The National Eating Disorders Alliance defines eating disorders as “…serious but treatable mental illnesses that can affect people of every age, sex, gender, race, ethnicity, and socioeconomic group.” Tens of millions of men and women in America will live with an active eating disorder at some time in their lives, surveys have found. Eating disorders can include specific illnesses like anorexia nervosa, bulimia nervosa, and binge eating disorder. There are more obscure eating disorders like Pica and “feeding and eating disorders” which are otherwise undefined. Eating disorders, being mental illnesses, have specific criteria for diagnosis and treatment. There are many men and women who may not meet the criteria for an eating disorder, but clearly display many of the mental as well as behavioral symptoms which contribute to the disorder. For these individuals the label “disordered eating” is applied. Though they may not turn to extreme and harmful behaviors which is common in many eating disorders, these individuals suffer from obsessive thinking, often body dysmorphia, and an unhealthy relationship to food as well as body.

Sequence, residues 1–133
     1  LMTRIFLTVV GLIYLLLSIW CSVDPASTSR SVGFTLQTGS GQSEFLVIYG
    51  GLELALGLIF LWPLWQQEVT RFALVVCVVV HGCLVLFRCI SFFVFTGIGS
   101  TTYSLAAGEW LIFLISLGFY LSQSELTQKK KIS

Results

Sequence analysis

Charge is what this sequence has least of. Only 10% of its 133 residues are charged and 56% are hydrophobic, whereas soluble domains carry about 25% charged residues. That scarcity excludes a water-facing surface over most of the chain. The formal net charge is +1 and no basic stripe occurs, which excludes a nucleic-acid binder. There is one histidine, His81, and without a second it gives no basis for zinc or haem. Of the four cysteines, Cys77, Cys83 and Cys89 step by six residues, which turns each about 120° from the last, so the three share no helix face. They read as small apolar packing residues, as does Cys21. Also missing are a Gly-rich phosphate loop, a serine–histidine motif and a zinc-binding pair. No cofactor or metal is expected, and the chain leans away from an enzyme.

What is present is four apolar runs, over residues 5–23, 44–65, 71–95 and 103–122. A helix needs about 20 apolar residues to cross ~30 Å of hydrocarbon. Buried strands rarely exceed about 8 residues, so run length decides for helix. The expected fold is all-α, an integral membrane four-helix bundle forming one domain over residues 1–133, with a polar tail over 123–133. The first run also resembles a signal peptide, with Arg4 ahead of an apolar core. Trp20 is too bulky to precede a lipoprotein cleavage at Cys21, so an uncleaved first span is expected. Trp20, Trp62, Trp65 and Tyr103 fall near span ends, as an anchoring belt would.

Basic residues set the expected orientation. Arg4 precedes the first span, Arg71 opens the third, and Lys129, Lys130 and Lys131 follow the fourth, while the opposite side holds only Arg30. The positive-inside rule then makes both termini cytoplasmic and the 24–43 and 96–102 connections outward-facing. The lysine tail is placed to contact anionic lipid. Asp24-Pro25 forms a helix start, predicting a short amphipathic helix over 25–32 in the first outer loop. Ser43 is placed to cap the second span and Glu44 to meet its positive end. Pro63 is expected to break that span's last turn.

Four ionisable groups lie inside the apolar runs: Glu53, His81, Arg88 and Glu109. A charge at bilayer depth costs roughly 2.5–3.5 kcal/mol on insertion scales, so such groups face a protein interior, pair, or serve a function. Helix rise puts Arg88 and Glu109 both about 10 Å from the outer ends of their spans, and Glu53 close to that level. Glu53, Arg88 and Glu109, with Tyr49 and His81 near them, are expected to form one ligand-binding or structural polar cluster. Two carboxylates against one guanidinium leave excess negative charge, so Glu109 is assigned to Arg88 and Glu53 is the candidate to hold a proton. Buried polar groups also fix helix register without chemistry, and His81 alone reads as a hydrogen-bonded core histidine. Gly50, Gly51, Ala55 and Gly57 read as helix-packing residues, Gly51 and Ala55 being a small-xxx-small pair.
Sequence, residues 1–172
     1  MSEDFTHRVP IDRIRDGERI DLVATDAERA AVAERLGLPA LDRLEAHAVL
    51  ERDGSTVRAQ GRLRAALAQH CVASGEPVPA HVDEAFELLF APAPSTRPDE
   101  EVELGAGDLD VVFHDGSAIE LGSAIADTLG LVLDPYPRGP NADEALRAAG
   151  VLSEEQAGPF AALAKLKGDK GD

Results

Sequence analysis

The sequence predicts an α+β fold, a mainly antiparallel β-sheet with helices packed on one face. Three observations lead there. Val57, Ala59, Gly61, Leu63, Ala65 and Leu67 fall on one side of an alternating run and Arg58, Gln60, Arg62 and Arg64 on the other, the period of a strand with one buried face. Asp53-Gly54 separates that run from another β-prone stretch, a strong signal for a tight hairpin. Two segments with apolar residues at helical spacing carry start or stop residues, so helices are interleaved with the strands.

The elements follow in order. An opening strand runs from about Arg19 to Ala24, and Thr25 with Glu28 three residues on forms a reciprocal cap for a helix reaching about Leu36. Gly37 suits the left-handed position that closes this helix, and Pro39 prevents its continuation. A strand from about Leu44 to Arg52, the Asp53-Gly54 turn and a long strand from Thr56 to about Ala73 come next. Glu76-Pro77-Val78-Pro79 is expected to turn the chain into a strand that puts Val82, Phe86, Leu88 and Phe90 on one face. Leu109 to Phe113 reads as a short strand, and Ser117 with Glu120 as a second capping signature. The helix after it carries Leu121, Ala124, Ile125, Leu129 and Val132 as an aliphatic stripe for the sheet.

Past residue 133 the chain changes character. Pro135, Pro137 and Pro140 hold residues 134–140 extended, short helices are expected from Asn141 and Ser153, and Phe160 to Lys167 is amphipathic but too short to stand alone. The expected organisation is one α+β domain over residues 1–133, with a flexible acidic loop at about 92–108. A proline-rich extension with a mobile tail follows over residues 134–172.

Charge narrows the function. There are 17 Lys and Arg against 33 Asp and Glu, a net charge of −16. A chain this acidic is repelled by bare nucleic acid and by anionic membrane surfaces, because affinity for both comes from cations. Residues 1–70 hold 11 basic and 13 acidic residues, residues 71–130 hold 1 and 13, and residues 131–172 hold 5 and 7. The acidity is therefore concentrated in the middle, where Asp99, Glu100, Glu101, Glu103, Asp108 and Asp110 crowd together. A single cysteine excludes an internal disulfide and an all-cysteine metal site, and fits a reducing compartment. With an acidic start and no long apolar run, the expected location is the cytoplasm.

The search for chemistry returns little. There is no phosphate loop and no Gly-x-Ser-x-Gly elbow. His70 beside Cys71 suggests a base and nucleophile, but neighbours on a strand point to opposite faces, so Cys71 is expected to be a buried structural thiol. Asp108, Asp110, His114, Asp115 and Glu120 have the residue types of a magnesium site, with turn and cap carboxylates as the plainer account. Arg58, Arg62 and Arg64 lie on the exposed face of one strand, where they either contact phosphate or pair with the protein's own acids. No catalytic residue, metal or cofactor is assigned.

Disordered eating is extremely common, particularly in a modern world full of mainstream media messaging. Everyday men and women receive thousands upon thousands of messages telling them what they should eat, how they should look, how much they should weigh and how they should feel about themselves. The media defines what is beautiful as what is perfect- anything less is ‘ugly’ and ‘imperfect’ which, according to the media, is unacceptable. Men and women consume and internalize these messages, adopting harmful beliefs which lead to harmful behaviors.
However, to assume that eating disorders or disordered eating are actually about external appearances is to assume incorrectly. Eating disorders and the process of disordered eating is a deeply complex issue which encompasses one’s personality, history, life experiences, trauma, psychopathology, and environmental conditions. Underneath the surface of a disordered eating issue there is usually a need for control and perfection, the result of life circumstances which created feelings of being out of control and being imperfect. Whether an eating disorder is fully developed and life threatening, or a matter of mindset and problematic, it is essential to confront eating disorders with care, compassion, and clinical expertise. There is a way for men and women to feel good about who they are, how they look, and what they eat. Harmony is possible.
Eating disorders can be fatal without intervention and treatment. Your focus should be on helping you and your family heal while supporting a loved one. O’Connor Professional Group offers premiere recovery assistance services to take the guesswork out of healing. Our private consultations, treatment planning, case management, and aftercare services lets your family be family. Leave the rest to the Professionals. For information, call: (617) 910-3940